I probably wouldn't do a burn in every hole unless you were adding alot to the spot. I'd dig normally and add a shovel or two if I were looking at single planting spots.
3 months ago
true morels have the bottom edge of the caps attached directly to the stem so you can not look in under the cap . falses are attached at the top of the stem inside of the cap.
6 years ago
Im also just getting stated on a larger project. 6 types of mushrooms from fungi perfecti. winecaps, 2 types of oyster and maitake and shitake and chicken of the woods. There was some pine logging behind our house so one of the oysters and the chicken of the woods will get innoculated into the stumps since they should grow there. I also have a couple of maples coming down and a few poplars for the others. straw bed and/or bales for the winecaps and the other oyster. Thats actually what im about to do today is cut some poplar logs. I guess they should sit 2 weeks and I already have the spawn, keeping it in the fridge till ready. If nothing else, this first and second years could all be used for personal use untill I either go bigger or decide I dont want to. lol. we'll see.
6 years ago
The healthfood store where I want to sell mushrooms at when they do grow has told me no on wild collected mushrooms, just because they arent pros there and dont want to get something dangerous. If I want to sell there then I need my property looked at by the ag dept. I think just so they know they arent wild. This is michigan but morels are often sold and they are wild but it is hard to screw them up I guess lol.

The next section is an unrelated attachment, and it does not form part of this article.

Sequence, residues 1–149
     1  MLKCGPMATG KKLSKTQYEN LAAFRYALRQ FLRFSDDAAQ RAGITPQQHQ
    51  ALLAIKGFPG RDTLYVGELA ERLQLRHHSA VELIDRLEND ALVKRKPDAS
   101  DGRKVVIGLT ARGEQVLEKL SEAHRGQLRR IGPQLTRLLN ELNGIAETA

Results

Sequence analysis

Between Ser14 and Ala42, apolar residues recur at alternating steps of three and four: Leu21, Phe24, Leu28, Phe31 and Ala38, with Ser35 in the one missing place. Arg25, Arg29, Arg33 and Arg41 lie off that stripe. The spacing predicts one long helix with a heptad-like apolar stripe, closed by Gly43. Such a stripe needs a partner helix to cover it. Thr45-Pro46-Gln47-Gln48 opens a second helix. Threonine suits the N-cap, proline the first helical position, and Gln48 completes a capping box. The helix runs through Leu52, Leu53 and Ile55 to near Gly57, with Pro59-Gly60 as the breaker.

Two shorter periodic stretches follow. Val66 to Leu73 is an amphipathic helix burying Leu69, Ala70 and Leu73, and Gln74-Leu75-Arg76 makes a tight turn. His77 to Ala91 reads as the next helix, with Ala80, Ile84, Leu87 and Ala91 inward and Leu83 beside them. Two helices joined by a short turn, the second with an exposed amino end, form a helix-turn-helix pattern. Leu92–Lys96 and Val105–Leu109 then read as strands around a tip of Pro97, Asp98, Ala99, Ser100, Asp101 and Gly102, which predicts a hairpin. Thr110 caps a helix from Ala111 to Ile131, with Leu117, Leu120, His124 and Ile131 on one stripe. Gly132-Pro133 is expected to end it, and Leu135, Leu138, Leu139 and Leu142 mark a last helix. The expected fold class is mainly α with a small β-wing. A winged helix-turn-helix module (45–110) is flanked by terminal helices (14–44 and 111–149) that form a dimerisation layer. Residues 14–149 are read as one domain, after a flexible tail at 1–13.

6 years ago
Im just starting my mushroom patches/logs this year as well. 1- you can dry any excess so that you will have some during the winter time. (I didnt check where you lived at) 2 you dont need a whole lot of land though I guess I dont know exactly how much you do need. You can stack your logs into a cabin type stack so many would fit in a few feet actually. Some cultures it does say to bury the logs part way horizontally though. 3- you are correct, you can shade the logs in most anyway you need to, under bushes and backsides of buildings ect. Hope this helps you to say go for it. fungi perfecti is were I got my cultures this year. there is a wisconsin based company that was suggested to me also with some colder area mushrooms called field and forest I believe it was. They have a good review from a friend who does grow already.

certain mushrooms will grow on logs and others will grow on straw or woodchips ect so you need to study a little bit. FP has that info next to their strains and the other place does too.
6 years ago
No I would not. Im told that one will eventually out compete the others and you would only get one type in the end anyways. Im growing the same ones this year. hope yours do well.
6 years ago
I want/ed to do this but a more rural situation. I was thinking of ordering an extra budle of "some usefull native tree" and plant them around in small groups to assure I always know where to go picking something. Great idea
6 years ago
I want to mark this since we need something like that.
6 years ago
Ha Dan, didnt realize you were from MI. Yes it is very beautiful up here. The job situation is probably as bad or worse than others. Alot of people are just doing what they can. My farmgirl friend is really coming in to hers doing her small farm tour on the side and learnig about the business end.

Our place is placed very nicely on a hill in a valley. I never thought id have a view really. lol. Thanks about squatting lesson. I didnt think of that but I will now. I live very near a campground and a main atv tomahawk trails and a lake. I wanted to also rent them out as mushroom cabins, dear hunting or ice fishing. Whatever. Our house is surrounded on 3 sides by state land!!! It would certainly take a major disaster to get us to move from here now. There were no gardens here but quite a few nicer trees ect and areas for tucking in some plants.

The water situation is better but not good still. Its taken a good 3-4 yrs since the one drought to fill stuff up again. I guess it is technicaly still below normal and the bay is way out compared to usuall I here. I have noticed different odd flowering times so yes id say our seasons are affected by warming.


6 years ago